Even though Heart Disease is still the leading cause of death in the United States, the disease has actually been on the decline for decades. Unfortunately, it has been declining in certain areas of the country faster than others, according to new statistics published this week in Circulation.
A research team led by Michele Casper, an epidemiologist at the CDC’s Division for Heart Disease and Stroke Prevention, analyzed data collected from 1973-2010 to compare county-level patterns and geographic disparities in heart disease rates over time. It’s the first time a study of this size and scope has attempted to map heart disease on a county level.
Looking at heart disease data for individuals under the age of 35 in more than 3,000 US counties, researchers found that while heart disease mortality has declined overall, the geographical distribution of the most affected areas has shifted. Furthermore, some areas have seen much steeper declines in illness than others.
Some counties’ cardiac death rates were found to have dropped by more than 80% since the 1970s, while others had declined by less than 10%. Counties demonstrating the slowest decline in cardiac death rights had an apparent trend: they were mostly in the south (i.e. Mississippi, Alabama, Louisiana, Oklahoma, Arkansas, and Texas.) Areas with more substantial rates of improvement were mostly seen in the northern half of the US.
Even more discouraging was the fact that researchers found the disparity between the best and worst areas was growing. In fact, the gap between areas of the least heart disease and those with the most has nearly doubled.
In the 1970s, the highest rates of heart disease-related deaths were found spanning from northeastern counties into the Midwest, with the coastal areas of North Carolina, South Carolina, and Georgia also being affected.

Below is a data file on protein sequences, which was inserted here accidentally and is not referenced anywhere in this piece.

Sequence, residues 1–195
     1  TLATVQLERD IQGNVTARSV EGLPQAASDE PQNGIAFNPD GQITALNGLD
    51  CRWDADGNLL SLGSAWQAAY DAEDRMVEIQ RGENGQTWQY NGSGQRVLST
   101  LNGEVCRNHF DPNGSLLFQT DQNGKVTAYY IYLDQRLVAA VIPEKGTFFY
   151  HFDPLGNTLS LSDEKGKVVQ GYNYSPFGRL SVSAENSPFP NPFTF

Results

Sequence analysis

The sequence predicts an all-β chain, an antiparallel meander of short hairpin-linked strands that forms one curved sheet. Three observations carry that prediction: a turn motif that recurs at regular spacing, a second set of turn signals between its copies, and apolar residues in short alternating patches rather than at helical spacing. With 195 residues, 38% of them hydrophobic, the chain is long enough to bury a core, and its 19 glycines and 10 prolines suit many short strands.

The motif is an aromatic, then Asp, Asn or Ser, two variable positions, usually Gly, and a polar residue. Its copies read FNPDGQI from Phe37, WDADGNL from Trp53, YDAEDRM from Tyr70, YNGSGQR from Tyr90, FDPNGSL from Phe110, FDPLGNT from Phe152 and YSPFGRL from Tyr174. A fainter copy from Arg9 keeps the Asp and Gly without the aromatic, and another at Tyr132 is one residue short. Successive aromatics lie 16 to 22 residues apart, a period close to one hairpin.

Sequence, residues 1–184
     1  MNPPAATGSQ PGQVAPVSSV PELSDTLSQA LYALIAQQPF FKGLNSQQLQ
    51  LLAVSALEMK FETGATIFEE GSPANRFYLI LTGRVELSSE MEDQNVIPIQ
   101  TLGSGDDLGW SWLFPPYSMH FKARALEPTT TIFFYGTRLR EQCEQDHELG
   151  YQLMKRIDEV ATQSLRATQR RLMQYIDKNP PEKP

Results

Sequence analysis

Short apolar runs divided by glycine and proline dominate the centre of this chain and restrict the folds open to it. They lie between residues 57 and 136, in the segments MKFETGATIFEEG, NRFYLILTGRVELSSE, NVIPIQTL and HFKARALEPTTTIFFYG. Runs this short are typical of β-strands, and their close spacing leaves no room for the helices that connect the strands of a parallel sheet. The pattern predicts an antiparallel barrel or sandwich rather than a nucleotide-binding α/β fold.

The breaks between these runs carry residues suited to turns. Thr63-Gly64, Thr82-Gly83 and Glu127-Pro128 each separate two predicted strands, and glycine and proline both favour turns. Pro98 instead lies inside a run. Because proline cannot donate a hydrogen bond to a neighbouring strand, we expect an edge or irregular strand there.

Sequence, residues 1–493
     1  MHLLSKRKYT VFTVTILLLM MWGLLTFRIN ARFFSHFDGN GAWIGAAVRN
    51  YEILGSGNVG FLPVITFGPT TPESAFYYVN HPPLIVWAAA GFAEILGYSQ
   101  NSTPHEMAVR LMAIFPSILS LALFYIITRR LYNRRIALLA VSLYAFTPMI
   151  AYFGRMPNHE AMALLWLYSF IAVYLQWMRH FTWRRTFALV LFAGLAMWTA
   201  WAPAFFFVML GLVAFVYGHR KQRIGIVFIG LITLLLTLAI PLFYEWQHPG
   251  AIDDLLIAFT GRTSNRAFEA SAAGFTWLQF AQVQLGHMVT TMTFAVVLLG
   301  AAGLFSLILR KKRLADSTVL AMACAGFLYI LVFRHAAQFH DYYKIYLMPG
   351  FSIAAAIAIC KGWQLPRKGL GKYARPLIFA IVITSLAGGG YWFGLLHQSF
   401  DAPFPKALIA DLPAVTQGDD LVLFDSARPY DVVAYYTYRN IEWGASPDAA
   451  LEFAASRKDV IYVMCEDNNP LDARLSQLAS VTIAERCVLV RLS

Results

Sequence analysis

In the map below, you can see the prevalence of heart disease by county in 1973.
4 decades later, the map in 2009 looks very different.
While the scope of this particular research did not look into the reasons behind this shift, we can can assume factors like local health policies, socioeconomic factors, ease of access to healthy food, health care, promotion of smoke-free environments, and opportunities for physical activity could all play a part.
While this disparity between areas can feel disheartening, the overall message of this study is a positive one: we are lowering rates of heart disease. In fact, from 2003 to 2013 death rates attributable to cardiovascular disease (CVD) declined by a whopping 28.8%. Additionally, death rates attributable to coronary heart disease (CHD)—the principal cause of CVD deaths—declined by 38%.
Studies like these are crucial pieces of evidence doctors, healthcare professionals, and politicians alike can/should use to to enact changes in areas where the population is most vulnerable to this disease.
As the leading cause of mortality in the US, heart disease accounts for roughly 1 in 4 deaths with more than 600,000 people in America dying each year because of it.
Understanding who is at most risk can help us to better prevent, treat, and care for patients across the country.